A few years back I realized I was spending my precious time on this planet doing what other people wanted me to. I had won the lottery of existence, and I was just following some crappy manager’s instructions. We all do it. We make money and follow the herd. It’s safe that way.

All we have to do is give up our dreams and cash that paycheck.

One of my favorite sayings is “How soon not now becomes never.”

For 20 years, I had been saying “not now”to my dream of being a writer, and I felt like I had to just stop making excuses and start taking daily action.

I wasn’t getting younger, and I would regret not doing this before I died. If I didn’t do it, my life would be a waste.

As it stood, I had written 160,000 words during NaNoWriMo, but hadn’t completed my stories. Also, tech is constantly shifting. If I wanted to future proof my job, I wanted a skill that would never go away, but had the potential to impact a lot of people.

But if I was going to write, it had to take priority over my many interests. It had to be more important than news, social media, and YouTube surfing.

Writing, or programming, require extended periods of deep concentration. You have to work without interruption, to maintain a state of flow. I had to stop multi-tasking and start mono-tasking.

So I started twisting the timer and doing my pomodoros, knowing that every session was a step closer to fulfilling my wish.

Every time I just ignored all my self doubt, and twisted the timer, my habit pattern got stronger.

Every time I made damn sure that I did my pomodoros first thing in the morning, before I checked email, made my willpower stronger.

What Will You Sacrifice To Achieve Your Mission?

“We’re on a mission From God.” — Blues Brothers

Think you know your mission? Let’s do a test. Ask yourself this question:

What would I sacrifice to achieve my mission?

Will I sacrifice TV, the news and other dramatic crap you can’t control?

Will I work on weekends when I could be going outside on a beautiful day?

Will I sacrifice partying with my friends to make progress?

Pro Tip: If your friends party, get new friends who are as dedicated to success as you are. Then their hard work will inspire you rather than distract you.

As a writer trying to perfect my craft, I try to either write, read or listen to audiobooks in my genre.

If I can’t do that, I pull out the exercise bike and ride it while playing Elden Ring. Brilliant I know. If I can’t do that I go for a walk.

Now for the final piece of your mission. You need inspirational soundtrack to work too.

A Good Soundtrack Makes Your Spirit Soar and Helps You Focus

If, as Alan Moore says, you are a mythical being on a mythical journey, then what’s your soundtrack?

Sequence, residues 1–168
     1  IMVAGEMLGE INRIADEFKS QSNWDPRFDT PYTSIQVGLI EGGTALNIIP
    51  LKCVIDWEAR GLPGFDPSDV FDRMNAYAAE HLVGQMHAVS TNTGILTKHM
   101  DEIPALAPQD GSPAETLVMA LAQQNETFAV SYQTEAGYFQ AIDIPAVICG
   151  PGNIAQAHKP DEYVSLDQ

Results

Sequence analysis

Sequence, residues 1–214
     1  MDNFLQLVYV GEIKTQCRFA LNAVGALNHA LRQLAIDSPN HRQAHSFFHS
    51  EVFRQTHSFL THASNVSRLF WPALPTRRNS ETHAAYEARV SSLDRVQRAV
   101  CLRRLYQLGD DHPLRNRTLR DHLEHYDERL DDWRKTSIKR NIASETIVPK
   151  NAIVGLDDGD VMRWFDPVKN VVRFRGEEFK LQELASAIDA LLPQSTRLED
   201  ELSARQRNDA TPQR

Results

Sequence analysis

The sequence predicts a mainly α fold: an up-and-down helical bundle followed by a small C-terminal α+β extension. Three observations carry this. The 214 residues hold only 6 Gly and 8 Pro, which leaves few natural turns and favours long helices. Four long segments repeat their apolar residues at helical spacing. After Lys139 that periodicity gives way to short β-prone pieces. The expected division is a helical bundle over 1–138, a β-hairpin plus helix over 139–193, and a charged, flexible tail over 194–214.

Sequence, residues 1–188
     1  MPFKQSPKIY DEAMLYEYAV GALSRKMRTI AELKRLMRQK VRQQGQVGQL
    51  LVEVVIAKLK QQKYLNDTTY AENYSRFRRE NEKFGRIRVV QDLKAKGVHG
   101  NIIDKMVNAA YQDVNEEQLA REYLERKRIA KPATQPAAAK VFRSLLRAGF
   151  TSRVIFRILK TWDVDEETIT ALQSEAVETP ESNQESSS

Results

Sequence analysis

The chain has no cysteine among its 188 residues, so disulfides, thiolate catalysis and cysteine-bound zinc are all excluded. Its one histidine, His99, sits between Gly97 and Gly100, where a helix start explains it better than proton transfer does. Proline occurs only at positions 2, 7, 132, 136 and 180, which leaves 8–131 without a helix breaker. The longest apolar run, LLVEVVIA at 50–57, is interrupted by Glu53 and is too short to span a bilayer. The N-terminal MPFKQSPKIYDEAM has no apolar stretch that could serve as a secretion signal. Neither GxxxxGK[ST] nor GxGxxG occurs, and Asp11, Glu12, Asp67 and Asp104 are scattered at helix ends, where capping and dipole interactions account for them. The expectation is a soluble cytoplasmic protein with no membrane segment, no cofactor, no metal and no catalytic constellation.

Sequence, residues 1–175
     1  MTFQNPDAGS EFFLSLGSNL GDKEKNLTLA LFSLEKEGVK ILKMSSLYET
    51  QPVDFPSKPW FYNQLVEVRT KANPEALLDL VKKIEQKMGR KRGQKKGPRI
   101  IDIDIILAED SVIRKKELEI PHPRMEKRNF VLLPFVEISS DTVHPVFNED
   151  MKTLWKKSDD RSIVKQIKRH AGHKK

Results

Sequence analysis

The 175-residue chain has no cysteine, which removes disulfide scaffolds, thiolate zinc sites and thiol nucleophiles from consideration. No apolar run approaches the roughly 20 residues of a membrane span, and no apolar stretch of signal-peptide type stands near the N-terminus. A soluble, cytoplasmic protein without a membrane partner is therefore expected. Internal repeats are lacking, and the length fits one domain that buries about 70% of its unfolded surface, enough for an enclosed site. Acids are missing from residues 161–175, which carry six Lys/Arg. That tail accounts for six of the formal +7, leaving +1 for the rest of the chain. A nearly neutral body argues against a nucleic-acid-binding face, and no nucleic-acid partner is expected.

I work to classic music. Science has shown it helps our brains think better. So does jazz. I’m fond of flamenco guitar too.

Your work sound track shouldn’t be distracting. Personally, I listen to the same music over and over. I’ve cycled through the same 10 core tracks for much of the past 3 years. Why?

First of all I’ve heard it so many times, it doesn’t distract me. Secondly, it’s conditioned me to focus. My subconscious knows when that music is playing, it’s time to crank some shit out.

Rhythm rate is important, so choose peppy music.

I start my morning work ritual everyday with Mannavegr by Danheim. It’s viking music with good drums and is my “I’m on a long, difficult journey, but I got this” music.

At the end of my day when I’m writing my fantasy shorts, I listen to Peter Gundry’s “Two Hours of Celtic Music” for its wide ranging emotional depth.

Other beautiful epic music that runs the gamut of dramatic emotions includes Adrian Von Ziegler and the Witcher 3 game soundtrack. Oh yeah and I dig listening to Cafe de Anatolia.

All of this music can be found on YouTube with no ad interruptions.

In Conclusion

If you were going to die tomorrow, what would you regret not doing? That’s where you will probably find your life’s mission.

Ask yourself, what steps can you take to achieve that? The answer is simple. Just do more of that. How? With complete mono-tasking dedication.

I hope I’ve helped you find your mission, or get more clear on it and how each pomodoro can help you get closer. Maybe now you are read to commit to it in a disciplined, focused fashion.

Don’t freestyle it though. It’s nowhere as effective, imho. Just start small and be relentless consistent. Consistency is king and the discipline of consistency will help you achieve great things throughout your life.

Feeling overwhelmed, uncertain, sad or like you give a fuck anymore?

Don’t think about it.

Twist your timer.

Do another pomodoro.

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Donovan is a copywriter. He uses pomodoros every day, and writes the technomagical Belman Chronicles. He knows so much his brain is going to burst any day now.

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Donovan Rittenbach

Donovan is a copywriter. He uses pomodoros every day, and writes the technomagical Belman Chronicles. He knows so much his brain is going to burst any day now.